Communicating for a Change - Review


Communicating for Change The Sunday morning nod: we have all seen it and some of us have succumbed to its influence. I am not referring to the affirming nod that one might offer up to in place of an “amen,” or “preach it.” I am referring to the unintentional nod of dozing off. There are few things more entertaining than watching someone battle off the nod: their eyelids grow heavy, their shoulders slump, and their head slowly begins to drop. Everyone behind them is drawn to the internal battle being fought right in front of their eyes! The nodder suddenly jumps back to consciousness and sheepishly looks to see if anyone had noticed and the process begins all over again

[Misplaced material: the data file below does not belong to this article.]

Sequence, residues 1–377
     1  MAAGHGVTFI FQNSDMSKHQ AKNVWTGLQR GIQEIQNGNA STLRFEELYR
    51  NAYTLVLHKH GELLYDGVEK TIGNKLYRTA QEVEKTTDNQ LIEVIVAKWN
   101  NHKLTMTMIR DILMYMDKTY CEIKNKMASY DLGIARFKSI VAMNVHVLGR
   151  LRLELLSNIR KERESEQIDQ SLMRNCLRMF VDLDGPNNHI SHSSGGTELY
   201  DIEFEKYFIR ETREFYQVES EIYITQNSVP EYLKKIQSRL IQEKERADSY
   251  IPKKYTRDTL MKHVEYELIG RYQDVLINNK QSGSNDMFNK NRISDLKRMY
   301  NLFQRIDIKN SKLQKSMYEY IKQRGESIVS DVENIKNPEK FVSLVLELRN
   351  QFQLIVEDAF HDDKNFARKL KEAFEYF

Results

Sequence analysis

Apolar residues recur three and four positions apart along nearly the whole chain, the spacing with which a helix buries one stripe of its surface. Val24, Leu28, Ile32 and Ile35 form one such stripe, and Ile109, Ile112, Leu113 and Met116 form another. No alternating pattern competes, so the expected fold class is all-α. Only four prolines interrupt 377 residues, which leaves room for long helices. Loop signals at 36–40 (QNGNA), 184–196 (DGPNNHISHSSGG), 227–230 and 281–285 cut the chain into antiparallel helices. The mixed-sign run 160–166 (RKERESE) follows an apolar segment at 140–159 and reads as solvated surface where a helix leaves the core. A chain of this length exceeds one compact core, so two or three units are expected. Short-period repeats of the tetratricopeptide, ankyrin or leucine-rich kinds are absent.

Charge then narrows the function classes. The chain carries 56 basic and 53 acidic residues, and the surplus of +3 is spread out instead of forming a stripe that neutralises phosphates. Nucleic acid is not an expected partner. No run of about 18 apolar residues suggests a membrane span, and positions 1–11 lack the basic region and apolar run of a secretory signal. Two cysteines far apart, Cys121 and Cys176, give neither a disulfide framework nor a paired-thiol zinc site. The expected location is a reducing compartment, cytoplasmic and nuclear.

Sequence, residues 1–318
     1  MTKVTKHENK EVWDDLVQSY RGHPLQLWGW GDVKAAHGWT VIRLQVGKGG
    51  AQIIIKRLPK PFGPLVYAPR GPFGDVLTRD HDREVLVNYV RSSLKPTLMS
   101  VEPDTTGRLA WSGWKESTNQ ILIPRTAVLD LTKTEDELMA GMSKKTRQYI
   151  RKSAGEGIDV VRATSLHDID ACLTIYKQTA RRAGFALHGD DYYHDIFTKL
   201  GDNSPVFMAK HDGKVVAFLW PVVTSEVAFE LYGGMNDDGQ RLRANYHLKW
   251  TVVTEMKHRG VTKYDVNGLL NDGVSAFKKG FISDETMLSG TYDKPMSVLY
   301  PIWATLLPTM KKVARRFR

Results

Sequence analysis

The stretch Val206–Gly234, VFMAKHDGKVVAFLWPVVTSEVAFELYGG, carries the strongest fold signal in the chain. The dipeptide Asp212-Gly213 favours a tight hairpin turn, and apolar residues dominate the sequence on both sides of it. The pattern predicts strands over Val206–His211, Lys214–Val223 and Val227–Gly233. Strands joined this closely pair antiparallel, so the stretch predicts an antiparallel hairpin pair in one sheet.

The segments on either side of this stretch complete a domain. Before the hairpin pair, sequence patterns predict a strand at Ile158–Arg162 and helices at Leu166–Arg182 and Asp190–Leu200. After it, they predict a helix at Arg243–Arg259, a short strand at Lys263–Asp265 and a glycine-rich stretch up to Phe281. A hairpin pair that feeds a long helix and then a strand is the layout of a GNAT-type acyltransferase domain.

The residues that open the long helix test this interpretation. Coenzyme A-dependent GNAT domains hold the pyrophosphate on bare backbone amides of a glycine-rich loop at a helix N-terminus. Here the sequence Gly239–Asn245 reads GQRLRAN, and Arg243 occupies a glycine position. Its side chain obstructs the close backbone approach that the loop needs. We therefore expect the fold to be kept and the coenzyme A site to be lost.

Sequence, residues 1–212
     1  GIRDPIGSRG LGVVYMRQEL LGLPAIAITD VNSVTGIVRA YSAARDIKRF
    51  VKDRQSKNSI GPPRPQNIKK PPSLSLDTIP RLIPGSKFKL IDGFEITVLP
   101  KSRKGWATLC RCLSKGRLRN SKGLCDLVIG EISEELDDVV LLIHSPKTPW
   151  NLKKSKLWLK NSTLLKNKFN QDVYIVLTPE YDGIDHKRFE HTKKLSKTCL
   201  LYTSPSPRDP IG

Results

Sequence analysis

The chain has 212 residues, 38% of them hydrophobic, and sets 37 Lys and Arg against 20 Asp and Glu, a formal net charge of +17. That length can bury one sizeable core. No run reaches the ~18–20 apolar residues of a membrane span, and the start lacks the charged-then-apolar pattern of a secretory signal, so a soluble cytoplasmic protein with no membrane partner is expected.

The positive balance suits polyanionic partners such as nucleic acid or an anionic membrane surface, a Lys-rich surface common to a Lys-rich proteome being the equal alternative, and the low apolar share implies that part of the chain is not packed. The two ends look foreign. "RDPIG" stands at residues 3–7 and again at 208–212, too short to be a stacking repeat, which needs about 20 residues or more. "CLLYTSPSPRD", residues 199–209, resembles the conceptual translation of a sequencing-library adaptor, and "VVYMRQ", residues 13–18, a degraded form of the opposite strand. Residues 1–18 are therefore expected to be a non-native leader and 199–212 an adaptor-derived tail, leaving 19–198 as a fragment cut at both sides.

How could someone fall asleep during a church service? Late night television certainly one source of sheepishness but the other, and more likely candidate, is a boring speaker. Communicating for a Change is Andy Stanley’s effort to eradicate the Sunday morning nod from your local church. He offers a seven-step process to help speakers engage their audience in a more powerful way.

The book begins with a made-for-Hallmark story where a struggling pastor unites with a truck-driving evangelist who imparts a lifetime worth of road wisdom. Each of Stanley’s seven points are offered up in a way that is clear and mildly amusing.  The author pokes fun at his own formula in the second part of the book where each of the seven imparities are described in full.

I would recommend reading this book for preachers and other public speakers. Stanley’s method is practical, flexible, and smart. His approach values strategy over spirituality as he describes the mechanics of preaching. It is a refreshingly honest and helpful guide written by one of the true masters of communication.

Brent ColbyComment